Thoughts on speaking

I always ask why I let myself get suckered into preparing a presentation. I struggle with ideas, wrestling with them until I can make sense. I stutter and sweat in the spotlight. Why bother?

But I can’t deny that I enjoy presenting more than other people might. No, not the act of presenting. That’s the tuition I pay. I enjoy that struggle, the tangled thoughts turning into stories. Sometimes I propose talks on topics I don’t know much about because I’m interested in what we’ll find out along the way.

I don’t have any standard speeches. Everything has to be on the boundary, even the old talks people like and ask me to revise. I need to learn something new each time I speak. Sometimes it’s the delight of being wrong and of arriving at an better understanding.

A talk isn’t a talk unless I can make it a conversation. If it’s just going to be a speech, no questions, no answers, I may as well leave it as a blog post or a video. I want to learn from people. I feel like my talks with no discussions trail off in mid-air, interrupted by silence. Sometimes I need to prepare these kinds of questions myself – standalone presentations viewed by strangers, talks in constrained formats for fun and creativity. I want people to ask questions anyway.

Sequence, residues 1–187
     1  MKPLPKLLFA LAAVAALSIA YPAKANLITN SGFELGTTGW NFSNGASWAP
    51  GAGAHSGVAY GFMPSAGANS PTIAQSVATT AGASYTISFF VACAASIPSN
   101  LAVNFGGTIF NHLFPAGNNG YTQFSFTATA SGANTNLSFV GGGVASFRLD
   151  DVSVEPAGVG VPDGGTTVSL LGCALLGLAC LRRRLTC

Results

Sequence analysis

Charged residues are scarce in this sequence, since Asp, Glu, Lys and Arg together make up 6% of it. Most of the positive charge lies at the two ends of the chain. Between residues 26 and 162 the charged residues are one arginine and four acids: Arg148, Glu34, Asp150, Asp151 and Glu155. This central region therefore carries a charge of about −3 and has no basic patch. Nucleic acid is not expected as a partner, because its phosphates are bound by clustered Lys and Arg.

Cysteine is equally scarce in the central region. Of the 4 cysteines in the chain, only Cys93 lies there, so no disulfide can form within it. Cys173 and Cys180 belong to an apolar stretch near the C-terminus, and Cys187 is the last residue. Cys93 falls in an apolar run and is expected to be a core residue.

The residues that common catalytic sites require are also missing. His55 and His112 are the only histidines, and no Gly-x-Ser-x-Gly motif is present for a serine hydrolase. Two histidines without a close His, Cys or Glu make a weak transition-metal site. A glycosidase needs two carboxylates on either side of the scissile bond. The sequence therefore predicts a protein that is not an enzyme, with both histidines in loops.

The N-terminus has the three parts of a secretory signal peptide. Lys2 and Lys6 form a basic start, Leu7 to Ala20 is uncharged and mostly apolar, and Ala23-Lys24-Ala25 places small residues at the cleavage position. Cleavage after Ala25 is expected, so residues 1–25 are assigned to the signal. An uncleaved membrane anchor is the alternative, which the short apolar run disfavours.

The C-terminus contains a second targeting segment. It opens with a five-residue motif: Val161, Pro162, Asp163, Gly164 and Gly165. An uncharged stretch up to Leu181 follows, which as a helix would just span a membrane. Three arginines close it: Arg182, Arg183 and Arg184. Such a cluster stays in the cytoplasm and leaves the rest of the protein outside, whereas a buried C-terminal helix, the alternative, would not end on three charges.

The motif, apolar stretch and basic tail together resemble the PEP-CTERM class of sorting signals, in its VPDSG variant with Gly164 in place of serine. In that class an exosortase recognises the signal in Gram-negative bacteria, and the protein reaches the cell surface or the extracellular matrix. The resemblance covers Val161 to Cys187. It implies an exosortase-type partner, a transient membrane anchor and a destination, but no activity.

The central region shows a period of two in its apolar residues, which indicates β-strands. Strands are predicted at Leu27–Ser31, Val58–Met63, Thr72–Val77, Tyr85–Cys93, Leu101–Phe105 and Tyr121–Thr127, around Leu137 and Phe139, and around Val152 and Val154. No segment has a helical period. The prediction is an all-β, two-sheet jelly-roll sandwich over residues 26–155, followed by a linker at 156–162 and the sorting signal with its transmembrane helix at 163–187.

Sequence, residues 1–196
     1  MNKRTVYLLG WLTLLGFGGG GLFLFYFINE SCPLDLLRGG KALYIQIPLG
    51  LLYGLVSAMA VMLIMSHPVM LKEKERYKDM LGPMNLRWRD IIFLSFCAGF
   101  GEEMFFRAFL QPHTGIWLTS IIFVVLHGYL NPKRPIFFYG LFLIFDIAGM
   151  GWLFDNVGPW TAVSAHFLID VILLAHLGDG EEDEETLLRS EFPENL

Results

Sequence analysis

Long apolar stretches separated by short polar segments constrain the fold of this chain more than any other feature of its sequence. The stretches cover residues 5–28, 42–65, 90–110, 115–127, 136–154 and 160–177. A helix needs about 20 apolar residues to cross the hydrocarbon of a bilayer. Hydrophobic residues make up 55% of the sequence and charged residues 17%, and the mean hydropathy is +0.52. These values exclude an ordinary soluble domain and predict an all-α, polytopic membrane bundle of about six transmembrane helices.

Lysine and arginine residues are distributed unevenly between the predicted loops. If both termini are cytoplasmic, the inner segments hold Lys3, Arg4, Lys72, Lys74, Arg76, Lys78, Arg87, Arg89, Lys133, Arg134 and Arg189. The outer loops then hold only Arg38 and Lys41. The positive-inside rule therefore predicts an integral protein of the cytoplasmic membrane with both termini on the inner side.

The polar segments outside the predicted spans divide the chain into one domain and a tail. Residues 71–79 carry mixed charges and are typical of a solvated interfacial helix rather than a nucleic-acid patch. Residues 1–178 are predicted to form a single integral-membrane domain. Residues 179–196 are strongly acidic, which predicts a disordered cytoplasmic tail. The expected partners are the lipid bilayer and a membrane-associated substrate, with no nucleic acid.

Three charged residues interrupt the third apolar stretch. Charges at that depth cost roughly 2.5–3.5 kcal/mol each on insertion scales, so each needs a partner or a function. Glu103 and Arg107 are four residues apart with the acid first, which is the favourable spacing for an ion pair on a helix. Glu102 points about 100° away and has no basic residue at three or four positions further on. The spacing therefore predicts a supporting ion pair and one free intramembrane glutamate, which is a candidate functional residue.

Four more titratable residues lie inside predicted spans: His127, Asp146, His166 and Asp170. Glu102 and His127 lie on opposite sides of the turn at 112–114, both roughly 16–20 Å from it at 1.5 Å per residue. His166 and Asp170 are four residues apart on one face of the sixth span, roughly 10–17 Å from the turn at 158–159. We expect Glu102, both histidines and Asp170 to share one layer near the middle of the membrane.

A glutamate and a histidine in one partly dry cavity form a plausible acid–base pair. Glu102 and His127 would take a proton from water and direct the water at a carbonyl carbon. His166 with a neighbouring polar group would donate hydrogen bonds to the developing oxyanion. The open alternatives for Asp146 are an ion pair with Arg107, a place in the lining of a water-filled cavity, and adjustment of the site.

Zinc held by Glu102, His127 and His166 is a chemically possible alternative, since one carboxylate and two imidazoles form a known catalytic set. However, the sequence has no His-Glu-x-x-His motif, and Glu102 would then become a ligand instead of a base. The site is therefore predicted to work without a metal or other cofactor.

Presentations are scary, but they’re a fun way to learn. So maybe I’ll give up on my one-talk-a-month constraint, which I sometimes didn’t follow because of work or interesting opportunities. I don’t want to travel for talks, because that takes too large a chunk of personal time (even the work trips do). I’m comfortable with virtual presentations, and people have told me that my energy and passion come through. If the cost for a presentation-worth of learning is an evening or two of focus, it’s a decent trade – especially if I can get lots of reuse and ongoing insights from it.

Pre-conference networking tips for the Instructional Technology Strategies Conference

This is for http://itsc.oetc.org . Thanks to Darren Hudgins for the nudge to make this!

On presenting, anxiety, and moving forward

I have four presentations on my calendar, spread over the next two months. They’re all on topics I’ve written about: two talks on networking, one talk on presentation tips, and one talk on Emacs. I should prepare the presentations over the next two weeks.